from On Her Majesty's Secret Service, 1963
[Bond has just arrived to Royale-les-Eaux for his annual gambling tournament]
His two battered suitcases came and he unpacked leisurely and then ordered from Room Service a bottle of the Taittinger Blanc de Blanc that he had made his traditional drink at Royale. When the bottle, in its frosted silver bucket, came, he drank a quarter of it rather fast and then went into the bathroom and had an ice-cold shower and washed his hair with Pinaud Elixir, that prince among shampoos, to get the dust of the roads out of it. Then he slipped on his dark-blue tropical worsted trousers, white sea-island cotton shirt, socks and black casual shows (he abhorred shoe-laces), and went and sat by the window and looked out across the promenade to the sea and wondered where he would have dinner and what he would choose to eat.
James Bond was not a gourmet. In England he lived on grilled soles, œufs cocotte and cold roast beef with potato salad. But when traveling abroad, generally by himself, meals were a welcome break in the day, something to look forward to, something to break the tension of fast driving, with its risks taken or avoided, the narrow squeaks, the permanent background of concern for the fitness of his machine. In fact, at this moment, after covering the long stretch from the Italian frontier at Ventimiglia in a comfortable three days (God knew there was no reason to hurry back to Headquarters!), he was fed to the teeth with the sucker-traps for gourmandizing tourists. The ‘Hostelleries’, the ‘Vieilles Auberges’, the ‘Relais Fleuris’ – he had had the lot. He had had their “Bonnes Tables’, and their ‘Fines Bouteilles’. He had had their ‘Spécialités de Chef’ – generally a rich sauce of cream and wine and a few button mushrooms concealing poor quality meat or fish. He had had the whole lip-smacking ritual of wine-manship and foodmanship and, incidentally, he had had quite enough of the Bisodol that went with it!
The French belly-religion had delivered its final kick at him the night before. Wishing to avoid Orléan, he had stopped south of this uninspiring city and had chosen a mock-Breton Auberge on the south bank of the Loire, despite its profusion of window-boxes and sham beams, ignoring the china cat pursuing the china bird across its gabled roof, because it was right on the edge of the Loire – perhaps Bond’s favourite river in the world. He had stoically accepted the hammered copper warming pans, brass cooking utensils and other antique bogosities that cluttered the walls of the entrance hall, had left his bag in his rooms and had gone for an agreeable walk along the softly running, swallow-skimmed river. The dining-room in which he was one of a small handful of tourists, had sound the alarm. Above the fire-place of electric logs and over-polished fire-irons there had hung a coloured plaster escutcheon bearing the dread device: ICY DOULCE FRANCE. All the plates, of some hideous local ware, bore the jingle, irritatingly inscrutable, ‘Jamais en Vain, Toujours en Vin’, and the surly waiter, stale with ‘fin de saison’, had served him with the fly-walk of the Pâté Maison (sent back for a new slice) and a Poularde à la crème that was the only genuine antique in the place. Bond had moodily washed down this sleazy provender with a bottle of instant Pouilly Fuissé and was finally insulted the next morning by a bill for the meal in excess of five pounds.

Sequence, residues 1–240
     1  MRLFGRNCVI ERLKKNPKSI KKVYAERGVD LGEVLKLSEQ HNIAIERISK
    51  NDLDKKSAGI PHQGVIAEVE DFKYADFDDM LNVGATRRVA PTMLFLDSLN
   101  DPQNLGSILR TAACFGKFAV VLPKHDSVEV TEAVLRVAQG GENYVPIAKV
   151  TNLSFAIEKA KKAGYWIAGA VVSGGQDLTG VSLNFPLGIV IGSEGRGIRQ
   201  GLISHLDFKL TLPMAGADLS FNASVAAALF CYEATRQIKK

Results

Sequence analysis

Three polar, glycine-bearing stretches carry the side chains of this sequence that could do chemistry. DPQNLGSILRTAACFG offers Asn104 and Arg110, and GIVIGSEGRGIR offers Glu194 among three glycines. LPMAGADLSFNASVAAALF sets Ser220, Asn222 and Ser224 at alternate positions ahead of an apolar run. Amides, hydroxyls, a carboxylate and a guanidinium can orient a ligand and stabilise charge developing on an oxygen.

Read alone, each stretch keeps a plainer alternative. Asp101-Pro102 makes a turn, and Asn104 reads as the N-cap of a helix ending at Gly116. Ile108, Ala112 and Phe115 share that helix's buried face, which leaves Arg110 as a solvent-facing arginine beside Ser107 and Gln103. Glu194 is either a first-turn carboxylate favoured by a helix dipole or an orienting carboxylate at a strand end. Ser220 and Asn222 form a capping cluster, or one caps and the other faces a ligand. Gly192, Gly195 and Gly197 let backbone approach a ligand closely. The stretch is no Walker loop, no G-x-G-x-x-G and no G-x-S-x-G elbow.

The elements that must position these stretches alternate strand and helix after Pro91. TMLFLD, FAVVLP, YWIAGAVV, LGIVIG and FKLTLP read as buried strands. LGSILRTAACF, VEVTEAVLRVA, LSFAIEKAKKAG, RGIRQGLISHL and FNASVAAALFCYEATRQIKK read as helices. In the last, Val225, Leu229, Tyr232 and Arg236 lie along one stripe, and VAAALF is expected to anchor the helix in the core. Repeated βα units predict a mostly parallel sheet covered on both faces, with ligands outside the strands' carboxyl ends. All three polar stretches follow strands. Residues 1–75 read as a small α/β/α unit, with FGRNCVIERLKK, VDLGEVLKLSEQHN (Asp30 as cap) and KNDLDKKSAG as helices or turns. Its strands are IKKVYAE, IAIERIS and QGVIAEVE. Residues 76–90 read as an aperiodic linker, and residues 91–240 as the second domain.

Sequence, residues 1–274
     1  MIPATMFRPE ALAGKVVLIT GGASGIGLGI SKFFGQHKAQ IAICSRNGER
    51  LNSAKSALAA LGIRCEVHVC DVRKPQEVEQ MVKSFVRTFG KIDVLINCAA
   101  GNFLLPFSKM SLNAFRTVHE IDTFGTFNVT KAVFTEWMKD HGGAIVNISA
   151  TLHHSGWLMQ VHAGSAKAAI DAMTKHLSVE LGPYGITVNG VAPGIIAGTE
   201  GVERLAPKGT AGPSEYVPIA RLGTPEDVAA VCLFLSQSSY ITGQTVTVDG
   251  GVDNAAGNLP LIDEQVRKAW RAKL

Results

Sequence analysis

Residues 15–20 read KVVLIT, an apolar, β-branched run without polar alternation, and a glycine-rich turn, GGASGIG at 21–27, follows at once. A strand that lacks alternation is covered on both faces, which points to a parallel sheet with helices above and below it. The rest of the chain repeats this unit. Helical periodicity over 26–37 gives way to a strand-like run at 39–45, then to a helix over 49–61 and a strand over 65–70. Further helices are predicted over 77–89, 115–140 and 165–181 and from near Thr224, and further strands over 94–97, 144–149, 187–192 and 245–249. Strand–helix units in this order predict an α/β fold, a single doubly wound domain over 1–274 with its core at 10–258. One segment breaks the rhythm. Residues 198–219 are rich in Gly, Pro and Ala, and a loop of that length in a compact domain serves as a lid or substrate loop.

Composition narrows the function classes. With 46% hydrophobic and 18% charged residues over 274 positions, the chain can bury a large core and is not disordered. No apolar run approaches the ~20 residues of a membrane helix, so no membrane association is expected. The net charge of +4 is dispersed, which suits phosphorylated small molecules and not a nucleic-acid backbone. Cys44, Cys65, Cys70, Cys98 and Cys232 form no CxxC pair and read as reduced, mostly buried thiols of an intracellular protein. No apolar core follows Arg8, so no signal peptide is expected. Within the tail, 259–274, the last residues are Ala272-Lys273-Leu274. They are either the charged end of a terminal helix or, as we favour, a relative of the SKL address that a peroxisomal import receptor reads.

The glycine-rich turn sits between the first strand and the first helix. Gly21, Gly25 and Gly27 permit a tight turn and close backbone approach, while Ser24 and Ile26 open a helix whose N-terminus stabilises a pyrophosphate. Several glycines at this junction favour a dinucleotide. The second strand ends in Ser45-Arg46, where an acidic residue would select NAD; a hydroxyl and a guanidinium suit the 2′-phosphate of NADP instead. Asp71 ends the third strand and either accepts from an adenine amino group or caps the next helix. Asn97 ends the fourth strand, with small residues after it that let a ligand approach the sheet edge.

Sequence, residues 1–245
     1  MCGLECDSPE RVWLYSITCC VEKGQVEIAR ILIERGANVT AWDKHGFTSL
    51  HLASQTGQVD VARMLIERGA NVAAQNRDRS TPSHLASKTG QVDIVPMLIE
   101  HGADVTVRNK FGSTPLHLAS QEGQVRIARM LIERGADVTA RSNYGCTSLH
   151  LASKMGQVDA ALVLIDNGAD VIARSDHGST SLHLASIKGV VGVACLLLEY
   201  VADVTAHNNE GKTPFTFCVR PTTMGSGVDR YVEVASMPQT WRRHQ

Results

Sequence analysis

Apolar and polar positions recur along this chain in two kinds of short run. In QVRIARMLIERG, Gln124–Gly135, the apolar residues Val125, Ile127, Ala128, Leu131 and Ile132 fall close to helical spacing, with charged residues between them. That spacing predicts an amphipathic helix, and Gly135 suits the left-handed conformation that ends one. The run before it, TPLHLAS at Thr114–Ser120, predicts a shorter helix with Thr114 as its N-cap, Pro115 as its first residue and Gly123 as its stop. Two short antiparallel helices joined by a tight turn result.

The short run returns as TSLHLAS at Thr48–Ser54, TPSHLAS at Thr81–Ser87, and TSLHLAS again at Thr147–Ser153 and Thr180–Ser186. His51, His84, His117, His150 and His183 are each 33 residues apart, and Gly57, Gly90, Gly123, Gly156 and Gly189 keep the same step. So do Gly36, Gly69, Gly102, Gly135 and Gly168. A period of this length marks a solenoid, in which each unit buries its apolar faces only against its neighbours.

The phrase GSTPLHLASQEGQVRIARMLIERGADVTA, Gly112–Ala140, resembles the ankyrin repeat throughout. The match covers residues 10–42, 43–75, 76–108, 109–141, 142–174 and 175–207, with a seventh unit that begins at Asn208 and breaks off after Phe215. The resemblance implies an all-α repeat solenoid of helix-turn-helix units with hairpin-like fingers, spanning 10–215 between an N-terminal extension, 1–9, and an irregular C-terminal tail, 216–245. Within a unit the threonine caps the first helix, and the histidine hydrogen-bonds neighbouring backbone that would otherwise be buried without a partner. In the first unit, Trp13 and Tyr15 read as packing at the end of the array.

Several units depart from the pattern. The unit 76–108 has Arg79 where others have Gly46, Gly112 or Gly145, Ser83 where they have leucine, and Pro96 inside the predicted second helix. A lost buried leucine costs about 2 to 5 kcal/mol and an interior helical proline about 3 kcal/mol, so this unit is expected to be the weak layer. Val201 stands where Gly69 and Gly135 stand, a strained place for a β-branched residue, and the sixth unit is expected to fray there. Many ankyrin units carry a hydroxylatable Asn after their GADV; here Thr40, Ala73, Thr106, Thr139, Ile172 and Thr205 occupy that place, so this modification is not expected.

It was to efface all these dyspeptic memories that Bond now sat at his window, sipped his Taittinger and weighed up the pros and cons of the local eating places and wondered what dishes it would be best to gamble on. he finally chose one of his favourite restaurants in France, a modest establishment, unpromisingly placed exactly opposite the railway station of Étaples, rang up his old friend Monsieur Bécaud for a table and, two hours later, was motoring back to the Casino with Turbot poché, sauce mousseline, and half the best roast partridge he had eaten in his life, under his belt.
Greatly encouraged, and further stimulated by half a bottle of Mouton Rothschild ’53 and a glass of ten-year-old Calvados with his three cups of coffee, he went cheerfully up the thronged steps of the Casino with the absolute certitude that this was going to be a night to remember.